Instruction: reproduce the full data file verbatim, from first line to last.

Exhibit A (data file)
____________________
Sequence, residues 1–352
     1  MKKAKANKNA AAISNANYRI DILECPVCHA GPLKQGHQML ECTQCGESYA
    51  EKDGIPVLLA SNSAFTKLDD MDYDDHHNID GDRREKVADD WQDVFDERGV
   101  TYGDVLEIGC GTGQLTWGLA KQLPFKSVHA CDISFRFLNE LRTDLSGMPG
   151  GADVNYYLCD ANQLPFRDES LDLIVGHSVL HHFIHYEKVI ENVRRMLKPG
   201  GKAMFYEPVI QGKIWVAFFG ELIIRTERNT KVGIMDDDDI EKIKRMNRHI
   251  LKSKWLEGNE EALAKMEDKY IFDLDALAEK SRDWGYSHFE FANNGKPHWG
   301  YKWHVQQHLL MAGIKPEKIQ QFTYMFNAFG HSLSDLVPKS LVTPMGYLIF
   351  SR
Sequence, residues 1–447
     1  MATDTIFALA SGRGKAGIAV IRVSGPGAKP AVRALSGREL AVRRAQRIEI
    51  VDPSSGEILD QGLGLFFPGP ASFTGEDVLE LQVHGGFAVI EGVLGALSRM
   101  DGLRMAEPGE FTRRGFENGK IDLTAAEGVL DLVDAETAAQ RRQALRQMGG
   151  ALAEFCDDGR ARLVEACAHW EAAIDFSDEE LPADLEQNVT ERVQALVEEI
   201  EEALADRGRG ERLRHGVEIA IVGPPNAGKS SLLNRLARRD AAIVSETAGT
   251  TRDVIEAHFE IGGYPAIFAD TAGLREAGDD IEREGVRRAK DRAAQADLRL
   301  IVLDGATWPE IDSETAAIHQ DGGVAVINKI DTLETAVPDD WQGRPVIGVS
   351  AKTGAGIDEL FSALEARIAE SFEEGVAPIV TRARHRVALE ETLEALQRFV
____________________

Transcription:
Sequence, residues 1–352
     1  MKKAKANKNA AAISNANYRI DILECPVCHA GPLKQGHQML ECTQCGESYA
    51  EKDGIPVLLA SNSAFTKLDD MDYDDHHNID GDRREKVADD WQDVFDERGV
   101  TYGDVLEIGC GTGQLTWGLA KQLPFKSVHA CDISFRFLNE LRTDLSGMPG
   151  GADVNYYLCD ANQLPFRDES LDLIVGHSVL HHFIHYEKVI ENVRRMLKPG
   201  GKAMFYEPVI QGKIWVAFFG ELIIRTERNT KVGIMDDDDI EKIKRMNRHI
   251  LKSKWLEGNE EALAKMEDKY IFDLDALAEK SRDWGYSHFE FANNGKPHWG
   301  YKWHVQQHLL MAGIKPEKIQ QFTYMFNAFG HSLSDLVPKS LVTPMGYLIF
   351  SR
Sequence, residues 1–447
     1  MATDTIFALA SGRGKAGIAV IRVSGPGAKP AVRALSGREL AVRRAQRIEI
    51  VDPSSGEILD QGLGLFFPGP ASFTGEDVLE LQVHGGFAVI EGVLGALSRM
   101  DGLRMAEPGE FTRRGFENGK IDLTAAEGVL DLVDAETAAQ RRQALRQMGG
   151  ALAEFCDDGR ARLVEACAHW EAAIDFSDEE LPADLEQNVT ERVQALVEEI
   201  EEALADRGRG ERLRHGVEIA IVGPPNAGKS SLLNRLARRD AAIVSETAGT
   251  TRDVIEAHFE IGGYPAIFAD TAGLREAGDD IEREGVRRAK DRAAQADLRL
   301  IVLDGATWPE IDSETAAIHQ DGGVAVINKI DTLETAVPDD WQGRPVIGVS
   351  AKTGAGIDEL FSALEARIAE SFEEGVAPIV TRARHRVALE ETLEALQRFV